The First Punic War draws to a close as the manipular legions of the Roman Republic crush the last Carthaginian resistance. The battlefield looks promising for the defending Punics and their large mercenary host, with a lovely defensive ridge line on which to nestle:
Facing them is a consular army of four legions, two Roman and two Latin. Each of these comprises 9 Velites; two units of 8 Hastati; two units of 8 Principes; and a unit of 8 Triarii. On each flank of the army is an ala of 36 Italian medium foot, an ala of 18 medium cavalry, and a unit of 8 light horse. Completing the mix is one unit of 10 Cretan archers in front of the Roman cavalry on the right.
I chose this lot and deployed them. I remain somewhat unsatisfied with how the Romans play out under the rules. The traditional three-line deployment, which I adopted for this battle, has a lot of staying power but in practice it is very inflexible. Since the Romans must deploy in this fashion in this period, it is very easy for anyone facing them to try a Cannae. So I changed the legion composition around a bit. There are still half as many Triarii as either Principes or Hastati, but the base unit is no longer the line, but an eight-figure maniple. I wanted to see if this would be too brittle, or if it would compensate somewhat for the triplex acies setup, by restoring some flexibility to the individual units.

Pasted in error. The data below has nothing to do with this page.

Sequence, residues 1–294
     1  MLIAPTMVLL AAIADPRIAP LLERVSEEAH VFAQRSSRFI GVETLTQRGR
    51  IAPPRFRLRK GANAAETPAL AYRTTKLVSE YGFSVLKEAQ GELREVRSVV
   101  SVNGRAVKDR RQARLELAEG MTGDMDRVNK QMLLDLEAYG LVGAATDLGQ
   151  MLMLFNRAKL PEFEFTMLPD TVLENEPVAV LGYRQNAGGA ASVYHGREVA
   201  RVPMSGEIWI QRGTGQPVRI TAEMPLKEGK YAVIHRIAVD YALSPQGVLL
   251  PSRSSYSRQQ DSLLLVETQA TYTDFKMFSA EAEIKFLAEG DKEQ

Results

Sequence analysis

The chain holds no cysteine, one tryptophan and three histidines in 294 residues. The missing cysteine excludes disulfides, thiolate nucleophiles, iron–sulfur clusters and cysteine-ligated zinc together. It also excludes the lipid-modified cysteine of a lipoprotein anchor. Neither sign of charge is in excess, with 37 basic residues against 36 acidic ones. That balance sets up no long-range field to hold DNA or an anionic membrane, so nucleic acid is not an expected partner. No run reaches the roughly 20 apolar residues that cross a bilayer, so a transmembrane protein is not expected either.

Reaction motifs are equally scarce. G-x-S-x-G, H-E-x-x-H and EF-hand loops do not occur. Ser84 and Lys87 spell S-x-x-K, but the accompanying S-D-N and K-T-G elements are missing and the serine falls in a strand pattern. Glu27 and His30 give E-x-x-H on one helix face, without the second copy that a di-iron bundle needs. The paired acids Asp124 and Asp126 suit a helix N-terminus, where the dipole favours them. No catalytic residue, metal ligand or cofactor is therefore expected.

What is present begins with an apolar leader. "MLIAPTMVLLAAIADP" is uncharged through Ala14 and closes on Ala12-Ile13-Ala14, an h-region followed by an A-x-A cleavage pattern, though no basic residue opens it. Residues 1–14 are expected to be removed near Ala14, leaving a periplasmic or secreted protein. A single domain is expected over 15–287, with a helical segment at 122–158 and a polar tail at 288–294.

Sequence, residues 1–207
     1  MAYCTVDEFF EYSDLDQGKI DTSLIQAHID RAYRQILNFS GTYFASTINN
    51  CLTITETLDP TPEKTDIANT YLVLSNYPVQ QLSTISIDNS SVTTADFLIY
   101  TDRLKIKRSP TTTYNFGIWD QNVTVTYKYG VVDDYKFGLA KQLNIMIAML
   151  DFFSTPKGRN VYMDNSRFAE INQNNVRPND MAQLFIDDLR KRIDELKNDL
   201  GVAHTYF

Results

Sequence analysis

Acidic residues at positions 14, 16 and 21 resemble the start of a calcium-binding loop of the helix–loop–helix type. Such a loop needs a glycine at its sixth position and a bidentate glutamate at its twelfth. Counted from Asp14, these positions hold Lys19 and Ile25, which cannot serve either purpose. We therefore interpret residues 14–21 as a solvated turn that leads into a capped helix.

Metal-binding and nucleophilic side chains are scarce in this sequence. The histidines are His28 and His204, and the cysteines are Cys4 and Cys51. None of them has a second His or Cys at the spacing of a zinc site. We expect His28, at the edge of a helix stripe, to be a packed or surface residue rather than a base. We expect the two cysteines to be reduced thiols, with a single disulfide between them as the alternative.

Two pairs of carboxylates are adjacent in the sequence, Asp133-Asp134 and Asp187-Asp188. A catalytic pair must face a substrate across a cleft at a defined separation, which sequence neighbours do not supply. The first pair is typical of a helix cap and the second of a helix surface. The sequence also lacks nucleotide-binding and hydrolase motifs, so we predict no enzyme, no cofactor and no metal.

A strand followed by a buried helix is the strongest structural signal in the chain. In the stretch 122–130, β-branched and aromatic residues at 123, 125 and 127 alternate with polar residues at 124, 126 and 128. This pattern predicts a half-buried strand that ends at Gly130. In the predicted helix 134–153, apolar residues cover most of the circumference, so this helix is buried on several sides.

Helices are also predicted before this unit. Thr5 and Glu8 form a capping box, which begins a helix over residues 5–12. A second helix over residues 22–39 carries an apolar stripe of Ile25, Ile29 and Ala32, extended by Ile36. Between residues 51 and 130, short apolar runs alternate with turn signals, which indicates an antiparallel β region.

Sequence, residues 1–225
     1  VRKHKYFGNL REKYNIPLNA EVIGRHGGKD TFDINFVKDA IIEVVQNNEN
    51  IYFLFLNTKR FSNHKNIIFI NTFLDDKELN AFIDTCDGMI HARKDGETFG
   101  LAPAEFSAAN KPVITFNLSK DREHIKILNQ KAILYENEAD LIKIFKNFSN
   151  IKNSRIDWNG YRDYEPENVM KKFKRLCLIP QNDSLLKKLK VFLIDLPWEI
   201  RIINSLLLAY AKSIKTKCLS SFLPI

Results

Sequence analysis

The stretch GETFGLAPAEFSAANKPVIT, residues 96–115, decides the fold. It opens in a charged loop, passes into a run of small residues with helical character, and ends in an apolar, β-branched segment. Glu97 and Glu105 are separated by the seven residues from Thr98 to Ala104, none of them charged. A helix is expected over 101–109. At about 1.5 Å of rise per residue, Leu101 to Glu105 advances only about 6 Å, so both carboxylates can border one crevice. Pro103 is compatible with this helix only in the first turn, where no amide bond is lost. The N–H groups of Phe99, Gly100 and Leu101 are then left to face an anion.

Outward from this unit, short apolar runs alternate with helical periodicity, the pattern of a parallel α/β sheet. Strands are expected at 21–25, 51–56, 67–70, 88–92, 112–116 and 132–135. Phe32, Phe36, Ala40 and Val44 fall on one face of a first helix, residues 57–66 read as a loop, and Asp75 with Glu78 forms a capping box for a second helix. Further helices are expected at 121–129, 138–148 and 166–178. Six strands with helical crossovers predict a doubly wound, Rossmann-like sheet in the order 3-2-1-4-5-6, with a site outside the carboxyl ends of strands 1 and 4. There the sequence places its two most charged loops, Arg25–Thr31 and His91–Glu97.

My plan is to be as aggressive as possible with the Italian foot and the mounted wings so as to keep the enemy off the vulnerable flanks of the legion as long as possible, while pinning the enemy centre with the legions. I will then choose a point of attack depending on how the enemy presents. As I see the enemy deployment, I decide to hold the hill to my front centre with the Roman Hastati. The Latin legions will carry the attack towards the two units of enemy heavy spearmen, while the Romans simply hold the centre. This is a bit of a change from what was expected, and is a result of the enemy's central two-line infantry deployment. The Italians and cavalry will be used to stop the enemy getting onto the flanks of the legions, as planned in setup. All photos are taking from my command post behind the Roman lines:
Above is a shot of the infantry centres. The Roman legions are simply going to wait for the expected charge of the warbands.
The combination of maniples and the triplex acies system worked very well indeed. The Roman centre held nicely against the enemy masses while the Latin legions each picked on a single enemy unit and then enveloped the flanks of the enemy centre. Manipular flexibility worked well here, although it does have to be said that the Carthaginian foot had a very bad dice day. About time too, though, because so far in the campaign Rome has done very poorly.
In effect, this battle sees the end of the First Punic War as Rome kicks Carthage out of Sicily. There will be one more campaign turn, and then Hannibal appears. Peter has rolled to see what the Macedonians would do. Their glory-seeking King has decided to go one better than his ancestor Alexander, and finally subjugate the wild Illyrians to the north. That will be played in January, Scottish weather permitting of course. In the meantime, the Romans are off to a well-deserved Saturnalia.
Something to "lighten-up" the desk at work: Klingon Battle Cruiser - One advantage of working in IT is the high level of Sci-Fi appreciation. So in honour of the SCRUM team that named itself as culturally "Klingon" (yes they...
4 hours ago